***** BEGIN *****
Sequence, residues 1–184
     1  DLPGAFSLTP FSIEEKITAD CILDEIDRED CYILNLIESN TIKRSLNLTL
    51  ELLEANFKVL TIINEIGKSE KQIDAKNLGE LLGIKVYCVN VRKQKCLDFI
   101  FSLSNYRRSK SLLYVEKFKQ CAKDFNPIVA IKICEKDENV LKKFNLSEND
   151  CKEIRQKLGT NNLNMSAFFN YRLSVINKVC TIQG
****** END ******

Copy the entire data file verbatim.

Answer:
Sequence, residues 1–184
     1  DLPGAFSLTP FSIEEKITAD CILDEIDRED CYILNLIESN TIKRSLNLTL
    51  ELLEANFKVL TIINEIGKSE KQIDAKNLGE LLGIKVYCVN VRKQKCLDFI
   101  FSLSNYRRSK SLLYVEKFKQ CAKDFNPIVA IKICEKDENV LKKFNLSEND
   151  CKEIRQKLGT NNLNMSAFFN YRLSVINKVC TIQG